Eva Garcia Ferres can’t afford a car, so her partner bikes to his job at Winn-Dixie while she takes the bus or bikes to UF, where she works as a graduate research assistant in the psychology department.
While her doctor’s prescription deemed the purchase necessary, she mulled over buying a pair of $400 glasses. When her partner was sick with COVID-19 in the fall and wasn’t recovering, the couple sacrificed $300 for treatment.
These necessities can be an extreme financial burden to a second-year graduate research assistant like Garcia Ferres, who survives off a yearly stipend of $19,600.
“We still live within the same system where we have to produce something that gives somebody else money,” Garcia Ferres said.
Graduate assistants are continuing to advocate for higher pay, with Garcia Ferres citing the rising cost of living as an ongoing issue that needs to be addressed by universities. This is part of a nationwide conversation regarding how universities treat their graduate assistants, she said.
Garcia Ferres, 26, moved to Gainesville from Spain in 2021 to earn a doctorate in psychology. She knew becoming a graduate assistant would have its academic challenges, she said.
Her tuition is covered, but a lack of financial support makes it difficult for her and many others to find comfort and security in their work, she said.
She joined UF Graduate Assistants United in spring 2021 to help the labor union negotiate with UF for a higher minimum stipend. Graduate assistants earn a minimum stipend of $17,000 for nine-month appointments and $22,753 for 12-month appointments — not enough to pay for rent, bills, gas and groceries, Garcia Ferres said.
To her, graduate assistants are stuck in an educational system that requires more time and effort than they’re rewarded for.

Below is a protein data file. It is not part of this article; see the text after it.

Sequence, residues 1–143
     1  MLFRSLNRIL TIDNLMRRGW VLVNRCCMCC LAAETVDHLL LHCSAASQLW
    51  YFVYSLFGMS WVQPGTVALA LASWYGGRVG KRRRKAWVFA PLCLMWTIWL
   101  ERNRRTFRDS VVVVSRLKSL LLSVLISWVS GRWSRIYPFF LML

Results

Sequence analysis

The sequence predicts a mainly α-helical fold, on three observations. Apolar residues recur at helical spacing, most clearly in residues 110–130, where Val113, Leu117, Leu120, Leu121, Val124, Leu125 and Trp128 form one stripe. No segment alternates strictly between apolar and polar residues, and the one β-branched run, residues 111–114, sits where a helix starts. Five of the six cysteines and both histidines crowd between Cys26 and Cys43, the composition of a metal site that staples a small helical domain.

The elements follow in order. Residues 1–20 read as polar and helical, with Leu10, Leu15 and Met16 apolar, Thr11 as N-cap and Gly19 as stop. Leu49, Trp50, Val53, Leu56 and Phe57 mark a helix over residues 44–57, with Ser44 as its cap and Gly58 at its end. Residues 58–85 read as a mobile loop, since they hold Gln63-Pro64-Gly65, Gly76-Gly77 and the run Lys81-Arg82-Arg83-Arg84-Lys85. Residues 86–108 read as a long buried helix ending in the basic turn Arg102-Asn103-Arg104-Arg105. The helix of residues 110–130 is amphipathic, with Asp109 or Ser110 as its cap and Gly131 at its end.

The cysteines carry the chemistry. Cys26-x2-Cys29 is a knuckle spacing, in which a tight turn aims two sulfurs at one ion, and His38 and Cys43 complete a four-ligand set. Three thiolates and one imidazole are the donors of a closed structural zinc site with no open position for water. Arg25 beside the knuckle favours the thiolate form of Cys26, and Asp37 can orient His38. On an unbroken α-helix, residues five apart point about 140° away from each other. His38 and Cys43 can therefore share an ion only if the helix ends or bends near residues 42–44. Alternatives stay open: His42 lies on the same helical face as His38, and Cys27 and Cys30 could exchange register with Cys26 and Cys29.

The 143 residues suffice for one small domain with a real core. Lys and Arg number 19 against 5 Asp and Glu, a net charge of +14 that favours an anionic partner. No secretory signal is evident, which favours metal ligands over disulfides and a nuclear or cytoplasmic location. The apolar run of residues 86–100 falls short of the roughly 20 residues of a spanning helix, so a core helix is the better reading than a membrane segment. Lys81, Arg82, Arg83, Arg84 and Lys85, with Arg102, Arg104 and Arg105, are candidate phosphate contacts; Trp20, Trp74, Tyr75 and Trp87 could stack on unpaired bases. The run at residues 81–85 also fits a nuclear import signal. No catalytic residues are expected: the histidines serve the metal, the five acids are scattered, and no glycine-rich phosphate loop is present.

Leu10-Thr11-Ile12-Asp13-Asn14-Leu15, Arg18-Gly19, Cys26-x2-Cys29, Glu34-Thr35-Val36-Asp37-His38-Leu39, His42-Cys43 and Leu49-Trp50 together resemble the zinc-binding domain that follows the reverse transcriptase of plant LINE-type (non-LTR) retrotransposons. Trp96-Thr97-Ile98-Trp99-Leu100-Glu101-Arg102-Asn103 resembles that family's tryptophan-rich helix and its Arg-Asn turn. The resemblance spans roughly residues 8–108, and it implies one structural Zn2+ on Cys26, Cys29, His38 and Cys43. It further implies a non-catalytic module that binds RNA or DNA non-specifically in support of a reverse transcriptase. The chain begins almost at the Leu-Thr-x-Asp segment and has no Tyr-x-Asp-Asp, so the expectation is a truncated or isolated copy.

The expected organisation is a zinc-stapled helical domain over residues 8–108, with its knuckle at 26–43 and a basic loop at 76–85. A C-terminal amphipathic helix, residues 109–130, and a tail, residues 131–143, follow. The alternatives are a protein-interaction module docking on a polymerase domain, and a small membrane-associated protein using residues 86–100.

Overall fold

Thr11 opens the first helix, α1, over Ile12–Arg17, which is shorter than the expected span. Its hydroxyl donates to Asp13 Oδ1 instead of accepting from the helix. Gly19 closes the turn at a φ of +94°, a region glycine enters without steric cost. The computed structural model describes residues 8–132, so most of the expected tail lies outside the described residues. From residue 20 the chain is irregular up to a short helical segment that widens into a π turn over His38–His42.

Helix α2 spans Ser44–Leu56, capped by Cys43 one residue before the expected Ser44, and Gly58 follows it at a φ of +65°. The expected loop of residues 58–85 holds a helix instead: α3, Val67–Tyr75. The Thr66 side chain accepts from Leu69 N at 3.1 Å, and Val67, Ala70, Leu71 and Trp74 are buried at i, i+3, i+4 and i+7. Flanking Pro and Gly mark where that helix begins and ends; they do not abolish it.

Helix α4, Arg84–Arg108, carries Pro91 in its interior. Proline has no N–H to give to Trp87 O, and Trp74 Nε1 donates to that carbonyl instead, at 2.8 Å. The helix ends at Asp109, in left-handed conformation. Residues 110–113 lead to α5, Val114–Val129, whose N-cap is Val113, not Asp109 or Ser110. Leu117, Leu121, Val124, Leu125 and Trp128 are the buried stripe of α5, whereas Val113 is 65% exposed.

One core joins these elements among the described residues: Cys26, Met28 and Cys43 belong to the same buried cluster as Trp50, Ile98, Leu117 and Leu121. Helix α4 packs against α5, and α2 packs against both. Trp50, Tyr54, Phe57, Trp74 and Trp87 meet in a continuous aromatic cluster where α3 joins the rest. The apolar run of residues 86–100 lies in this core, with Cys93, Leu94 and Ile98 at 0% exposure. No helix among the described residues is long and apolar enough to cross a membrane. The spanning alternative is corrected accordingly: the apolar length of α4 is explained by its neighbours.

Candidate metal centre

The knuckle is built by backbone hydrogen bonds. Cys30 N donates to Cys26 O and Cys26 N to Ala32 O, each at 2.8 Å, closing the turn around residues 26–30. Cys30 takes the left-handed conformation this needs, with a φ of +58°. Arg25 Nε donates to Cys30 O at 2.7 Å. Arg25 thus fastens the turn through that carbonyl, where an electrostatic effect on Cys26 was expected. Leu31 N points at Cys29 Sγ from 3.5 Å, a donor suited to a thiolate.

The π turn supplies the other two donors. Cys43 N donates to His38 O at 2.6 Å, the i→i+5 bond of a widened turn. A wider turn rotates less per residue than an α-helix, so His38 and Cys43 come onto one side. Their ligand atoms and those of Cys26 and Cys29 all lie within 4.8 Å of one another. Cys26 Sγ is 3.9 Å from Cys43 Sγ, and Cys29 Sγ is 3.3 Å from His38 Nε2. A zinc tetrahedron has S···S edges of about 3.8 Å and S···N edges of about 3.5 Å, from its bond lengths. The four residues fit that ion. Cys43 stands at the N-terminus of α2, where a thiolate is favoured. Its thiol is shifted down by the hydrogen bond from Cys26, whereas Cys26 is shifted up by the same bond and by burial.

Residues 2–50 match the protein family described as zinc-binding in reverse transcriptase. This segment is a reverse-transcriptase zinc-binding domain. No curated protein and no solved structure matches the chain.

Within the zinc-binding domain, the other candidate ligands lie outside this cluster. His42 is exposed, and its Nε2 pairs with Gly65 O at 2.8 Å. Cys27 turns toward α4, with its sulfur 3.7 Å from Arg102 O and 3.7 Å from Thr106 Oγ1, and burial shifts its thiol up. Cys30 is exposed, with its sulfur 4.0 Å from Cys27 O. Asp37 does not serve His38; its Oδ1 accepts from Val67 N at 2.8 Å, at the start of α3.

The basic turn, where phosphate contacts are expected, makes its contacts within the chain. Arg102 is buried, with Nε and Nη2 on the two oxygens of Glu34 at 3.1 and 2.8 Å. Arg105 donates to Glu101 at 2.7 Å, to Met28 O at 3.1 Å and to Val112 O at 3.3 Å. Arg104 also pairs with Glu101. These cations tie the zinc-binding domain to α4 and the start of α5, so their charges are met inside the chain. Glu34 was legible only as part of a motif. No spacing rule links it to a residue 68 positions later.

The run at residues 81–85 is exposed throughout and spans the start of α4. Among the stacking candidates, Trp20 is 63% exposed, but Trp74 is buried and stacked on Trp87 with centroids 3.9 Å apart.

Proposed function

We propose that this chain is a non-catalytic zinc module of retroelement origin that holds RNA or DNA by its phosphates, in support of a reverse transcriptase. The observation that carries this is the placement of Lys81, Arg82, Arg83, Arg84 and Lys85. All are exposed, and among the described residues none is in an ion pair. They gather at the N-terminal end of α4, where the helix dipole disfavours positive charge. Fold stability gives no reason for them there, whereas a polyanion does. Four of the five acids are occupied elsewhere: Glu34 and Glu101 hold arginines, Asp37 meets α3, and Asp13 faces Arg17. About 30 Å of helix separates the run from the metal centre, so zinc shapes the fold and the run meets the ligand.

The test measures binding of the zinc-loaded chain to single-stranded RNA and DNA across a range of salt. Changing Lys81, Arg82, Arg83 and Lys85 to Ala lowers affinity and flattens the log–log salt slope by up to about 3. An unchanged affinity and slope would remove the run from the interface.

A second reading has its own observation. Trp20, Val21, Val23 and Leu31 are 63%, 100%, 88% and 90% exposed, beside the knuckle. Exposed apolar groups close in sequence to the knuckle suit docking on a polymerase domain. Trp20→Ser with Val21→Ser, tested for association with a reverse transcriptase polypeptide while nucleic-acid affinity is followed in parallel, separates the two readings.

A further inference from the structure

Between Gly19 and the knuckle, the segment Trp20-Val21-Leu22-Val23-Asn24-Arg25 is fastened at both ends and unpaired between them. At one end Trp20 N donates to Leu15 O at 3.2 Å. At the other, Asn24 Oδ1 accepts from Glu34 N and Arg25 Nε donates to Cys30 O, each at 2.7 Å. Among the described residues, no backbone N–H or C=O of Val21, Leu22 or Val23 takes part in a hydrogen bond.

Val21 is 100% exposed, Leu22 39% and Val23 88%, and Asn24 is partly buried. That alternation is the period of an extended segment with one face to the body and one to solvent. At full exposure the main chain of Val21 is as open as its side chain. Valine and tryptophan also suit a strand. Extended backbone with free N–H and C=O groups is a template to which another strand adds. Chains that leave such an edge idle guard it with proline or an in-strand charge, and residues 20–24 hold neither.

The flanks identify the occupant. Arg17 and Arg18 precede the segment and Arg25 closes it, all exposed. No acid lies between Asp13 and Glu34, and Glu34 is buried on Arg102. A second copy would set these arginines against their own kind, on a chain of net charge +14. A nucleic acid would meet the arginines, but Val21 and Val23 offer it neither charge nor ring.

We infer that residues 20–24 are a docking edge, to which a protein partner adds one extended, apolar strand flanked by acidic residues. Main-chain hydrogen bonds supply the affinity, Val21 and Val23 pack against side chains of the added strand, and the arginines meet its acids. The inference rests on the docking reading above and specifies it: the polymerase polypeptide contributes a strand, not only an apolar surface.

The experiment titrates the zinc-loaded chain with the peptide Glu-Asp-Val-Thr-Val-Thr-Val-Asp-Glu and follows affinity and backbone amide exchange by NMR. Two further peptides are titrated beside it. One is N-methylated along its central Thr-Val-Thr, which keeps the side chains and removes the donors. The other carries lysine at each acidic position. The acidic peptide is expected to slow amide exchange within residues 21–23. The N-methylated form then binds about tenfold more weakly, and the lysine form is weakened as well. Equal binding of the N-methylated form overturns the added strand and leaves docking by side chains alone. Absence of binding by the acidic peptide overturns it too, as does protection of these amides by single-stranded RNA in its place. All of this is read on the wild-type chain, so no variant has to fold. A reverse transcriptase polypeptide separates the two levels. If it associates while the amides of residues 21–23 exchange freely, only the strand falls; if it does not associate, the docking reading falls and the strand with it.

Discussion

“I feel like [UF] sees us as components in their business plan instead of as human beings,” she said.
UF’s top five university ranking warrants more support for graduate assistants, Garcia Ferres said. Increasing fears of threats to academic freedom in the state, coupled with work and research encompassing most of her time, she said, creates an unsettling and uncertain environment for graduate assistants who want to pursue careers in academia.
“Everything just makes you want to scream,” she said.
Garcia Ferres’ contract affords her a nine-month appointment and summer funding under a 20-hour-work-week research assistantship — but her summer funding will end in the fall. She will then likely become a teaching assistant and balance her time between research and classroom instruction.
During their five to six years at UF, graduate assistants work with a principal investigator who helps them prepare and complete research in a specified area of study.
Colin Smith, an associate professor in UF’s psychology department, serves as a principal investigator for four graduate assistants, including Garcia Ferres.
“It's one of the strongest relationships we have in academia because their lives are dependent in a way on their professor,” Smith said.